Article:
Preserving Denver’s History

The Denver Clerk and Recorder archives
the history of Denver government. Early City history was recorded in large books. Books from the mid 19th century combined handwritten records of City Council
minutes or City ordinances. These books can be damaged by water,
by fire or simply the ravages of time. Many of our books are in such a fragile state that the public can’t use them for research. But with the support of Denver City
Council, the Clerk and
Recorder undertook a massive project to move all the
records from paper to the Internet. Crews worked 24 hours a day, seven days a week, for 38 days. They used special equipment to photograph each and every page of 900
books. Laid end to end, those 900 books would
stretch all the way from Mile High Stadium to the State Capitol. Almost half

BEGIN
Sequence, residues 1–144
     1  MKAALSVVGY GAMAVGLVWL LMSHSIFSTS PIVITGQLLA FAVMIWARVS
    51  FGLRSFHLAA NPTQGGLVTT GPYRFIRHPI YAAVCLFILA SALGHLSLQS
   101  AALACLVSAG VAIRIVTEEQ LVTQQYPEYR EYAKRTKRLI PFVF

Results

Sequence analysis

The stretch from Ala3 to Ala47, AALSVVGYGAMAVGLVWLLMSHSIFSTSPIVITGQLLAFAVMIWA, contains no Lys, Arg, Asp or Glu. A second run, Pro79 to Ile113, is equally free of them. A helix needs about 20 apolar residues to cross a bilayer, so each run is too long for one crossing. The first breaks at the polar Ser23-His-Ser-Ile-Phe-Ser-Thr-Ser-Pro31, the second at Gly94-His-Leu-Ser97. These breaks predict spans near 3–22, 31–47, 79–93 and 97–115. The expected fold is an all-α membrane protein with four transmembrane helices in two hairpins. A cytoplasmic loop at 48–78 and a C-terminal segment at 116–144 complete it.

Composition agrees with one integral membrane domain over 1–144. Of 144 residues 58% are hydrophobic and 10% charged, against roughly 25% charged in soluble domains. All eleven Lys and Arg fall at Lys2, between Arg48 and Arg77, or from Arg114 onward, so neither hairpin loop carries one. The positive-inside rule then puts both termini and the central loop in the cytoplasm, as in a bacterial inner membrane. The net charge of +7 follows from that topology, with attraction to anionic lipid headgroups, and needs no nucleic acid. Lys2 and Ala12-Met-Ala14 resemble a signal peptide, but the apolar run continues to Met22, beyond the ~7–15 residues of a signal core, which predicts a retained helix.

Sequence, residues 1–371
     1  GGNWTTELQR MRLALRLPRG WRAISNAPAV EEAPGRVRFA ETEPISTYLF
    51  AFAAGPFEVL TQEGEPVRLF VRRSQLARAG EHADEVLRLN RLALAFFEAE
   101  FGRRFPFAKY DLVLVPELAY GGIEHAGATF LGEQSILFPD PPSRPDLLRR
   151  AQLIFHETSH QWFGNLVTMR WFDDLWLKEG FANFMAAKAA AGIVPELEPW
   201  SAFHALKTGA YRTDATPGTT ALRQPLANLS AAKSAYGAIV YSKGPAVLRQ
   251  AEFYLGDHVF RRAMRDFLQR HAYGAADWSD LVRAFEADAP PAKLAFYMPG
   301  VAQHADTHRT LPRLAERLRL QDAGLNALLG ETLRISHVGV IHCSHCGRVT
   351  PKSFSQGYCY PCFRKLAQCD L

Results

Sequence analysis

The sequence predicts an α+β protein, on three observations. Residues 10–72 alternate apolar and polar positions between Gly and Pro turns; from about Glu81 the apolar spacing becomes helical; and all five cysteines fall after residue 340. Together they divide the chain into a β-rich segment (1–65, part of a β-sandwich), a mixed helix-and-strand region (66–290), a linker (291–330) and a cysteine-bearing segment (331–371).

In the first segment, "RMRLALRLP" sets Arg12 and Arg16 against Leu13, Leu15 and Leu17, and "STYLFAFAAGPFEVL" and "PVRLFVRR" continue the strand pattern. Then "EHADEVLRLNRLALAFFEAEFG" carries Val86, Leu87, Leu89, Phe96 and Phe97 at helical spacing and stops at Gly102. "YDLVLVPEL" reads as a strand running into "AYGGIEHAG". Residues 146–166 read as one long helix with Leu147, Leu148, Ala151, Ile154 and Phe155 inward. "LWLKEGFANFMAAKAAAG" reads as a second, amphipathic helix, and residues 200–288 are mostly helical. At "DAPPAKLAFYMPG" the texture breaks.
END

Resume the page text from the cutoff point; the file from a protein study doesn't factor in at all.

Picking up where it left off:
a million pages were photographed. Photographing the books is only the
first step. When the project is complete, you’ll be able to search the index of documents by name, type and date. You can think of the index like the table of
contents in a book. The index will tell you what book the record is in and what page it is on. Then the search engine will pull up that record for you. So if you want to research marriage records or the deed to your home, you’ll be able to find that sort of information quickly and easily on the Clerk and Recorder website. While one team works on the index,
another team will seal and protect
the books to keep them from deteriorating further. This preservation project ensures that generations to come will be able to access the great history
of the City and County of Denver.

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